Patent Strategy for Members of Coworking Spaces
File a provisional patent application before using coworking space
Distance makes the heart grow fonder is not true in all cases--you are more likely to collaborate with people who work close to you. In the relatively recent resurgence of coworking and makerspaces, a diverse range of people work closely beside each other. Initially people work in parallel on their own projects, but the spaces are designed to make it likely that relationships will evolve to towards collaboration. Often there are no walls in these spaces, or if there are walls, they are glass. Such openness allows for the exchange of skills and know-how and accelerates commercialization. Ideally, in one space, all people necessary are available to help bring an idea to market. Artisans, engineers, developers, marketers, and financiers are under one roof; they enjoy the benefits of a complete ecosystem for commercializing innovation. History shows us that such spaces produce revolutionary innovations. During the Renaissance Period in Europe makers and merchants worked alongside philosophers and scientists on joint endeavors that changed the course of history.
Coworking spaces should be championed for the productive and prolific communities that they promote; however, inventors should be aware of the implications such spaces have on patenting. One implication is that working in such open spaces and sharing ideas regarding inventions can trigger a 12 month window after which patenting that invention is barred (the "12 month bar rule"). If you wait longer than 12 months to file a patent application after publicly disclosing your invention, patenting that invention is barred.* A public disclosure is any non-confidential communication made to at least one member of the public.
Working in such open spaces and sharing ideas regarding inventions can trigger a 12 month window after which patenting that invention is barred
Why such a rule? Aren't patents supposed to be promoting the arts and sciences? Well, yes, but patent protection isn't really a reward that the Federal Government grants to inventors because they're so darn smart. Rather, patent protection is a way the Federal Government incentivizes inventors to give up the secrets to their inventions, so that after patent protection runs out (14-20 years after filing a patent application) the invention and its know-how can be created and improved upon by the public. The idea behind the 12-month bar rule is that since you already gave up the secrets of your invention to the public, the Federal Government does not have a reason to coax you into giving up your secret. (The grant of a patent is essentially the Federal Government giving you permission to have a temporary monopoly.) After all, the Federal Government (arguably) disfavors monopolies.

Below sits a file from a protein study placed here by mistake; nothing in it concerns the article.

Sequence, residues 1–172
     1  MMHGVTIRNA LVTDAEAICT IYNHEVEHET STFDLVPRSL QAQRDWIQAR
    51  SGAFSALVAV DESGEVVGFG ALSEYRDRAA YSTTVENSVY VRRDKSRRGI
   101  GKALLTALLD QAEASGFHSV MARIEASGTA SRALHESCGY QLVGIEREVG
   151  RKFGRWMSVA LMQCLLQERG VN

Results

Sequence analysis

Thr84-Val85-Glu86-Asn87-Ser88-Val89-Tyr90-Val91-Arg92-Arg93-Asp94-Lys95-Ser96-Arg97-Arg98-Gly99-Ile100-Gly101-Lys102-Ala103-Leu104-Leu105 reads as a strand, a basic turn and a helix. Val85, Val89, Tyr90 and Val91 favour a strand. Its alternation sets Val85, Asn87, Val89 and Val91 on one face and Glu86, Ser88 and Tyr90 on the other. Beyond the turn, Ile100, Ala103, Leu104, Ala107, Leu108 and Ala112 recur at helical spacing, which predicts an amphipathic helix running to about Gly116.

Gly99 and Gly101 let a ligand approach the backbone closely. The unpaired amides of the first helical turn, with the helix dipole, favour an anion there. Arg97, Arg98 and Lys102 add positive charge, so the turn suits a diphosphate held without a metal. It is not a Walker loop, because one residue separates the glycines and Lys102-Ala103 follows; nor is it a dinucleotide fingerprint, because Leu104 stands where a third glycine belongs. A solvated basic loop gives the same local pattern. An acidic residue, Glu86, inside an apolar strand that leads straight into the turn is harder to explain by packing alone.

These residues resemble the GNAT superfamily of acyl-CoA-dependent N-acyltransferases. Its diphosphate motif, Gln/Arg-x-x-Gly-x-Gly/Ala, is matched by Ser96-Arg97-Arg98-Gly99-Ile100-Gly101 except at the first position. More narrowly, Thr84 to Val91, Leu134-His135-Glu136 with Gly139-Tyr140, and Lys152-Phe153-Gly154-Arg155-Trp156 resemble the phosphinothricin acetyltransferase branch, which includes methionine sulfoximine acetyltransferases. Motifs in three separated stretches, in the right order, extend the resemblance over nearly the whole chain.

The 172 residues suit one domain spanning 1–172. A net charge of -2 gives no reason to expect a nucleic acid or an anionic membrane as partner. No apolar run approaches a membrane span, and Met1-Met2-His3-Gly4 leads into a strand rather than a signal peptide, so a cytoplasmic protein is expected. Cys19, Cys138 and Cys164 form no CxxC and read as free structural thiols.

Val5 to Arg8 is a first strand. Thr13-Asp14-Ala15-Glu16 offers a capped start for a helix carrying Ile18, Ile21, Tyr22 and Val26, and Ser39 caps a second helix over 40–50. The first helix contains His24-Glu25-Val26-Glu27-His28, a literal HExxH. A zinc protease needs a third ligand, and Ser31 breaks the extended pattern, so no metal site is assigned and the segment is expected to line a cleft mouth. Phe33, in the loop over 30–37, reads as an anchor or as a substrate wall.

There are solutions for this dilemma. One solution is filing a provisional patent application** before making use of an open and shared space. A provisional application is a way of giving the United States Patent and Trademark Office a somewhat general advanced notice about what you plan to invent. As soon as you file a provisional patent application, your invention is considered "Patent Pending" and a subsequent public disclosure should have no impact on patenting; you should make use of such spaces to further develop and implement your idea so that you are first to market.
What inventors need in these spaces is at least one sound-proof, opaque-walled room for when invention development and discussion needs to be done in confidence.
Other solutions could be implemented by the managers of the shared spaces. What inventors need in these shared spaces is at least one sound-proof, opaque-walled room for when invention development and discussion needs to be done in confidence. There could even be a requirement that members of the space must sign a non-disclosure agreement regarding any inventions that are presented in confidence in such a space. There are many solutions coworking spaces can provide to preserve the opportunity for patent protection for its members.
Patent attorneys should pipe in more about their perspectives to their local incubation labs and coworking spaces to educate the public on patenting strategy. I am an enthusiastic supporter, member, and Tuesday tenant of the local coworking space,Flywheel. I am a supporting sponsor of the initiative to create a local makerspace, MIXXER. The renaissance of Winston-Salem is well underway thanks to these spaces and the community programming they support.
*If you are reading this article and thinking "Oh !@#$" because you've disclosed your invention to the public more than a year ago, do not lose hope. A skilled patent attorney may be able to strategically draft your patent application to get around the 12-month bar rule.
**Because provisional patent applications are somewhat general descriptions of the invention, they are much cheaper to draft for filing than full patent applications. However, within one year of filing a provisional patent application, one does have to file the enabling details of the invention with the United States Patent & Trademark Office.
If you have any questions about these matters, please email me email@example.com.